Cryptomonad and chlorarachniophyte algae are especially intriguing. Not only are their chloro-plasts surrounded by four membranes, but a remnant nucleus, the nucleomorph, nestles between the second and third membranes. Nucleomorph genomes are much reduced, with just three small chromosomes totaling a few hundred kb of DNA (Gilson and McFadden, 1996; Douglas et al., 2001). Despite their small size, these genomes encode components for their own perpetuation and expression plus a few other proteins, including some destined for import to the chloroplast (Gilson and McFadden, 1996, 1997; Zauner et al., 2000). Most of the genes needed for photosynthesis have been shifted to the nucleus, and their protein products are trafficked across all four membranes. In contrast to these algae, apicomplexans have lost the endosymbiont nucleus and photosynthesis-related genes, which they no longer need as intracellular parasites. However, they continue to employ the apicoplast as a synthetic compartment (see section 9.2.9).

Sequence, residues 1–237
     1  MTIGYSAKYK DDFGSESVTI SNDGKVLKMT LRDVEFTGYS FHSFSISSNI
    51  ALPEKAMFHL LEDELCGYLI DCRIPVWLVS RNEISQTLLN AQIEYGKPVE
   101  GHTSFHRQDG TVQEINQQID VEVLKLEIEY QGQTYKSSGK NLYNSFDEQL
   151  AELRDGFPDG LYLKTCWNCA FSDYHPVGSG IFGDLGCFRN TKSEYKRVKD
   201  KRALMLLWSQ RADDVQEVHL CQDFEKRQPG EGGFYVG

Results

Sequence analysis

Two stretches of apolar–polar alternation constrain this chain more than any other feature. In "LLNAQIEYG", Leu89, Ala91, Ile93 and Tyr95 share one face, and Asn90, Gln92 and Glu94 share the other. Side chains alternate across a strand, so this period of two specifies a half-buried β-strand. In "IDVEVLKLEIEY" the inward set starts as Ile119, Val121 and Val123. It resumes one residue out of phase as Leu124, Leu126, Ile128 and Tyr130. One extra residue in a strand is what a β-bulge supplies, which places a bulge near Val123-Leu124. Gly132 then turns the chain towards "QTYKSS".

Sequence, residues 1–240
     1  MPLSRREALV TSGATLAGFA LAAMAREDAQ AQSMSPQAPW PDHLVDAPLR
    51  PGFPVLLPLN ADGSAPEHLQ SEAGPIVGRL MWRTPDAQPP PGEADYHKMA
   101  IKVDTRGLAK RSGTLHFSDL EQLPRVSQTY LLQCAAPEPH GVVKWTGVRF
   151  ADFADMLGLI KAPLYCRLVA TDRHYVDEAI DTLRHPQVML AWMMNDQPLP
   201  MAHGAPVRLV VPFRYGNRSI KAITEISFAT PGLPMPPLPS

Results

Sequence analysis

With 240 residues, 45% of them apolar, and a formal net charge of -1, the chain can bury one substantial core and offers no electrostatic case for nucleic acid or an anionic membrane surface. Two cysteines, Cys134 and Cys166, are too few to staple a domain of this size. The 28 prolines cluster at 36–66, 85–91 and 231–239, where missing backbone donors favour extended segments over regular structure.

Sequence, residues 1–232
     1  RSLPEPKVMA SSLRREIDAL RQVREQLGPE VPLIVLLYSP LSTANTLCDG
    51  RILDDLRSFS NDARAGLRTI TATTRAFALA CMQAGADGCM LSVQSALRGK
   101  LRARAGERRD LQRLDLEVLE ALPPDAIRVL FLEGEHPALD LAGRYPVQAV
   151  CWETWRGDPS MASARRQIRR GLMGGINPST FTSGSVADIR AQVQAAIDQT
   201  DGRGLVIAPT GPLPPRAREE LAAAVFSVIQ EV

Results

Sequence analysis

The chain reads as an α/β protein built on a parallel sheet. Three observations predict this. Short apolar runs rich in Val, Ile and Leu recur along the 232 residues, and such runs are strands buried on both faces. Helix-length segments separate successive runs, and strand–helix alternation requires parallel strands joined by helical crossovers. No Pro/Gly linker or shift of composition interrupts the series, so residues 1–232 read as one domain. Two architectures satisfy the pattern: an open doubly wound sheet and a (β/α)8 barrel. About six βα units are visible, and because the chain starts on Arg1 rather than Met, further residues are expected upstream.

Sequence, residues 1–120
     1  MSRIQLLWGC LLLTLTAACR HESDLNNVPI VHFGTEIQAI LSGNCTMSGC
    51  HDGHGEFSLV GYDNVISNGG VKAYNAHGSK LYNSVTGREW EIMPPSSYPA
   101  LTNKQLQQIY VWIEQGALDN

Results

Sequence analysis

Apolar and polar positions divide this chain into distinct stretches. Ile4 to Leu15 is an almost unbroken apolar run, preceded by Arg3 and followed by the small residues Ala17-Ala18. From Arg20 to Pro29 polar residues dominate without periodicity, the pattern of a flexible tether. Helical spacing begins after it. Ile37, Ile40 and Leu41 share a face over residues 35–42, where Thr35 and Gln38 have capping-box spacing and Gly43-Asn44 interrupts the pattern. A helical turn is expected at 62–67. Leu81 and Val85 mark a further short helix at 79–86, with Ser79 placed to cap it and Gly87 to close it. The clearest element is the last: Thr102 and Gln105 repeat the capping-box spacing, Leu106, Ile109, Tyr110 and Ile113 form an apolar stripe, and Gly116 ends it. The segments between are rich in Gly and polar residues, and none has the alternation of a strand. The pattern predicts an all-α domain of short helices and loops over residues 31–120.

The movement of foreign genes into a host's nucleus is called lateral gene transfer (reviewed in Doolittle et al., 2003; Bapteste et al., 2004). As noted above, some transferred genes encode products that are trafficked back to the organelle. Others may provide the host with new synthetic capabilities in the cytosol or other compartments. Still others may be redundant, allowing for the evolution of new functions, while some may simply replace the corresponding endogenous genes. The rapidly increasing pool of genome sequences has greatly accelerated our understanding of lateral gene transfer, showing it to be widespread and of considerable scope. Secondary endosymbiosis permits additional lateral gene transfer, from both the nucleus and the chloroplast of the endosym-biont to the nucleus of the host. Importantly, that means that genes from the endosymbiont's nucleus, which may have no relationship to plastid function, may still provide insights useful for deciphering the history of secondary endosymbionts. Phylogenetic analyses of apicomplexans have considered genes encoded by the apicoplast genome, nuclear genes encoding apicoplast-targeted proteins, and genes not related to apicoplast function.

A recurring question in analyses of apicom-plexan evolution is the identity of the secondary endosymbiont: whether it was a red or a green alga. This question has not been resolved, since data supporting both contentions have been gathered (Table 9.1). Initial analyses showed that rpoB (Gardner et al., 1994b) and rpoC1 (Howe, 1992)